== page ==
It’s good to hear a tale of success after what has been a lot of hard work to get there. Great to see it rewarded. While you are right: it’s rarely about one person, it’s you, and the care, attention and hard work you’ve put in that’s key. I’m with Angela on this one!
    Only question I ask is ‘why the hell the wait?!’

    A combination of my needing to grow as a writer, overcome some character issues (like haste and impatience) and the reality of a very tough publishing market. Some of it’s luck, too — having a book proposal on narcissism when it’s a hot topic.

    I often hear advice that our feelings of success should come from inside, but external validation remains a powerful force in our lives. You knew your work had arrived, but now you have the proof you’ve always wanted. Congratulations!

    I think that’s totally awesome. Congratulations. It’s a very good feeling to be able to acknowledge achievement and to feel good about the place you are in life. I think sometimes for me the times I have felt the most content is when I have seen the life I’ve lived, it all of its challenges and adversities and I know in my heart that in working hard to be the person i became, that I did it, that despite those obstacles, self doubts, protective defenses and hard work, I made success happen. I dont know if this is the same for you but having followed your blog and listened to your thoughts and experiences i just felt happy for you. I hope this feeling lasts a while for you. Merry Christmas, my thoughts are with you.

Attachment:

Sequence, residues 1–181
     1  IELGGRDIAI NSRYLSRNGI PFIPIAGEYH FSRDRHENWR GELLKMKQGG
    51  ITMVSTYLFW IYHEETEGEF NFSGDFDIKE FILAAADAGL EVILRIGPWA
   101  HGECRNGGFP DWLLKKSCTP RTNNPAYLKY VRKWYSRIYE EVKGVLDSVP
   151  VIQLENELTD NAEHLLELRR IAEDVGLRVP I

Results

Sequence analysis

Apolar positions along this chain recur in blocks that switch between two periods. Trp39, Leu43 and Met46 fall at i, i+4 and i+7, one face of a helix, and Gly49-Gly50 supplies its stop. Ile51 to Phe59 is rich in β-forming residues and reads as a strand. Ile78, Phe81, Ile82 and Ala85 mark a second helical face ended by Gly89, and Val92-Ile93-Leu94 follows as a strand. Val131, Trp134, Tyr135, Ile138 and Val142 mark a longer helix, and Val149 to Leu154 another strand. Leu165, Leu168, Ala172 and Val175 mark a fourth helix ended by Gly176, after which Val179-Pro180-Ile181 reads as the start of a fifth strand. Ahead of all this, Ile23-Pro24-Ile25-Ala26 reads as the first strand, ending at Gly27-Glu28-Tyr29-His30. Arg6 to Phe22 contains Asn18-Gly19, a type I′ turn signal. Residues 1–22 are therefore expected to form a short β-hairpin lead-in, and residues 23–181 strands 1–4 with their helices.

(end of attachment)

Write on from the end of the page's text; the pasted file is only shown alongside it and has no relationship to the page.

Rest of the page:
Dear Joe, yeah.. Having read some of your angst about not getting published by a big firm,
    and admiring your honesty about the pain involved, it brings me joy to read your work has been taken up by a respected house..I love the insights you offer here, and that others more widely will now ( well in a yr or so), be able to benefit too, is awesome.

    Congrats Dr. Burgo. I’m so happy to see such and honest, caring and earnest writer (and therapist), have success. It is more gratifying knowing that you are not interested in pandering to the populace, you are interested in the truth (and truth does seem to be a hard sell). Integrity is hard to come by. I have to say though that I think there is a debate to be had about you or anyone “arriving”. I think I know what you mean but the term feels to confining, like it is the end of something when it really is the beginning. Your potential has barely been tapped. I am so glad that you are finally reveling in one of your successes though. Keep it coming!